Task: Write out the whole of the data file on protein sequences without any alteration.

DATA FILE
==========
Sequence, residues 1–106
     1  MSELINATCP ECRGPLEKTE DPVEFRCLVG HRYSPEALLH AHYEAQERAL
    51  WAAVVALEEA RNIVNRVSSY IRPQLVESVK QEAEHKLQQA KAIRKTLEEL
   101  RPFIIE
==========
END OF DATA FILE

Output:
Sequence, residues 1–106
     1  MSELINATCP ECRGPLEKTE DPVEFRCLVG HRYSPEALLH AHYEAQERAL
    51  WAAVVALEEA RNIVNRVSSY IRPQLVESVK QEAEHKLQQA KAIRKTLEEL
   101  RPFIIE